Why Chicago has turned into a war zone
In the beginning of the summer, ESSENCE.com spoke to Phillip Jackson founder of the Black Star Project, a community outreach group in Chicago.
In the beginning of the summer, ESSENCE.com spoke to Phillip Jackson founder of the Black Star Project, a community outreach group in Chicago. We talked about the increasing number of shootings that were directly affecting Black communities throughout the city. Now that summer is almost over, it seems like things have only gotten worse. Just this past weekend, six people were shot while they stood in front of a church mourning the death of a loved one. Last week, a young woman was mistakenly shot in the head during a drive-by, and there are multiple other examples of young people being mowed down all over Chicago. ESSENCE.com went back to Jackson, who sees first-hand the impact the violence is having on Black families, to ask, is there is any hope in sight to save Black folks from guaranteed self-destruction?
ESSENCE.COM: Things seem to be getting worse in Chicago since we last spoke?
JACKSON: Yes, usually the month of July is known as what we call “hell month” or the deadliest month of the year. School is out, the weather is hot, people are unemployed—it’s the culmination of all the things that are wrong and bad happening now. Now, we’re not just reporting shootings, we’re reporting multiple shootings at least once a week where six or seven people are shot at one time. There was one day last week when 15 people were shot. The only thing that the city, state and the White House have said is that they want to put more police on the streets. These young people could care less whether there are 1,000 police officers or 100,000 police officers on the streets.
ESSENCE.COM: What would you like to see President Obama or Attorney General Eric Holder do instead?
JACKSON: We would like to see the White House pay attention to the recommendations laid out by the Center for Disease Control and Prevention, which says that if you want to prevent violence you have to rebuild families. As families break down, communities degenerate into chaos. These young boys out here look up to killers, thugs, and gangsters. Until the government becomes involved in the process of ensuring that strong, positive caring men are in their lives, they cannot break the cycle of violence. Plus, you have to reach these kids early. You can’t wait until they are 14 years old. That’s too late. Teach them conflict-resolutions skills when they’re 3 years old. Lastly, we at Black Star Project are in the streets talking to these kids. They tell us if we had economic alternatives, we wouldn’t have to engage in this violence. The police are still operating with that 1960’s way of attacking the gang problem while the gangs are operating today.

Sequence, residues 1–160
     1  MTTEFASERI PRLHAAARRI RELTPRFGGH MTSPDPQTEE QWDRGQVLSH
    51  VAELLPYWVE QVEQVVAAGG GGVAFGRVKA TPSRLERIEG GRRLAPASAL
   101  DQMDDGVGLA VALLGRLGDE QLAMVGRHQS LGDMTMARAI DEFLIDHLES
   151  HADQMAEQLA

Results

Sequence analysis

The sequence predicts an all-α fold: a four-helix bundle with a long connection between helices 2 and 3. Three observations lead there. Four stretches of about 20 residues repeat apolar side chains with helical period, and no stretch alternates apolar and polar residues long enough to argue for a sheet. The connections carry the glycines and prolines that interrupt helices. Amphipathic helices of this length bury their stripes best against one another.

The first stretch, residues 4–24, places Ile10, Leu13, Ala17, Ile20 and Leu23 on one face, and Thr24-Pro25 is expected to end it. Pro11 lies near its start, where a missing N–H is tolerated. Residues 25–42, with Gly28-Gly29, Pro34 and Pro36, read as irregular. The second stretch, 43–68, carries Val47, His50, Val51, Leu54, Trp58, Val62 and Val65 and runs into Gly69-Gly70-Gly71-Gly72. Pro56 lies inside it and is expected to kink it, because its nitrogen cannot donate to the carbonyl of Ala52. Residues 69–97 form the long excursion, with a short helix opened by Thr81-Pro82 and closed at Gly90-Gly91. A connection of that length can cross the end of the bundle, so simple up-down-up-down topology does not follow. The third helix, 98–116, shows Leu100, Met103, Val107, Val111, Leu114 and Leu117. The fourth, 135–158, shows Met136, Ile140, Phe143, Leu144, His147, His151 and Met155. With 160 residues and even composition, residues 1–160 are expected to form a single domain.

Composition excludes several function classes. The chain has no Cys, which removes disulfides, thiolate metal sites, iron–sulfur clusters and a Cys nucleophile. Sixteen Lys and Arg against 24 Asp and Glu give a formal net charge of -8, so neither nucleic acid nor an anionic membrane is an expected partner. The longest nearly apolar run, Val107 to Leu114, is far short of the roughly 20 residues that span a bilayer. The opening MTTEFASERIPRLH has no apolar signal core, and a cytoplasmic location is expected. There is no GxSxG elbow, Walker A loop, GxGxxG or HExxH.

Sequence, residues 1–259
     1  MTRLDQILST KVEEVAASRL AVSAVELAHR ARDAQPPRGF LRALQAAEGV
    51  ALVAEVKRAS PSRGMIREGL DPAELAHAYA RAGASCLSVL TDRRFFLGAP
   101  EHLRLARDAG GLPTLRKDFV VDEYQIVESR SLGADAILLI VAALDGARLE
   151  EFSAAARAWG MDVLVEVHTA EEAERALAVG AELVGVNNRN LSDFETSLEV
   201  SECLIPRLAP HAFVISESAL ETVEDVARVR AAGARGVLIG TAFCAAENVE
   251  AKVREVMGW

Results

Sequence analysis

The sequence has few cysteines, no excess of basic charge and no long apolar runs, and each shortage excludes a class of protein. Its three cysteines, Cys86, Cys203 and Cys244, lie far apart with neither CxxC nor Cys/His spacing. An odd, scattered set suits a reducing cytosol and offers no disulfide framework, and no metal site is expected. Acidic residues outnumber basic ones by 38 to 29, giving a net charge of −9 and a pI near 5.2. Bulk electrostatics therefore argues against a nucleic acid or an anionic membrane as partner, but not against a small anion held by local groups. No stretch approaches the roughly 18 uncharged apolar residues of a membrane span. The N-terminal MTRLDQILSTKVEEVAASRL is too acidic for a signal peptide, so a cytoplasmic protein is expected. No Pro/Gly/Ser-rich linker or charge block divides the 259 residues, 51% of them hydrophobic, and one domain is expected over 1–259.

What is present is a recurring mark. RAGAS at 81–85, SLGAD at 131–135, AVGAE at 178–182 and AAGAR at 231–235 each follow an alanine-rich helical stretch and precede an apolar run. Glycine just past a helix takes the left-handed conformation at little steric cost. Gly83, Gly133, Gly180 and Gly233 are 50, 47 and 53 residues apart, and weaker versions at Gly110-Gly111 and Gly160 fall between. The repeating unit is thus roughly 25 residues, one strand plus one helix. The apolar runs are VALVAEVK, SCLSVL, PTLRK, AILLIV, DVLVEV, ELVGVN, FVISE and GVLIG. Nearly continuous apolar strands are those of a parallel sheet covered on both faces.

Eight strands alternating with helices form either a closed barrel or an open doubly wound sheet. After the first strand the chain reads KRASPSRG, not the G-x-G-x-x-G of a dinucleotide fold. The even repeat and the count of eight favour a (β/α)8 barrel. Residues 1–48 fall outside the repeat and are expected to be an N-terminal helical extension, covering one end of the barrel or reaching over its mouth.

ESSENCE.COM: Exactly how do you start rebuilding strong families and communities when people are afraid of their own children and unable or unwilling to be parents?
JACKSON: That’s why I’m asking the federal government for help. There are two models for ending violence. There is the L.A. model where they hire more police, give them bigger guns and helicopters and basically turn the communities into a war zones. Then there is the Boston model where they improved social services and connections to education and jobs. That model reduced violence. This is a choice our country has to make. Right now, we’re choosing the L.A. model. When we decide we want to do something, there is nothing that can stop us as a country. We wanted to go to Iraq and spend a billion dollars a day and we did it. I’m saying the same resolve needs to be put on fixing the problems in Black communities across America. I voted for President Obama, but I’m going to continue to challenge him. We need to demand an appropriate response from the White House to the violence in our communities.
ESSENCE.COM: Are you saying it’s up to the Obama administration to fix the Black family?
JACKSON: The only people who can fix the Black family are Black men and Black women, but the government can provide resources that can encourage us to fix it. We know finances and economics is part of the problem. They can provide major financial incentives for Black families to come together. We need to have public policies that will support that kind of behavior.
ESSENCE.COM: Over 500 schoolchildren in Chicago were shot and at least 36 died during the last school year. You mentioned before that kids in Chicago feel hopeless and angry. Has the “Obama effect” and knowing there is now an African-American president had any impact on them at all?
JACKSON: Do you know what seeing your friend shot does to the spirit of a child? You go into any first- and second-grade classroom in Chicago and ask, “Do you know anyone who has been shot?” They will all raise their hand. It’s great for us to have a Black president, but it was short lived for these kids. His being President has done nothing for them. There is a psychological and emotional boost but they have gone right back to their reality of having to claw their way through every day. They don’t need a moral boost. They need strategies that are going to improve the lives of Black families.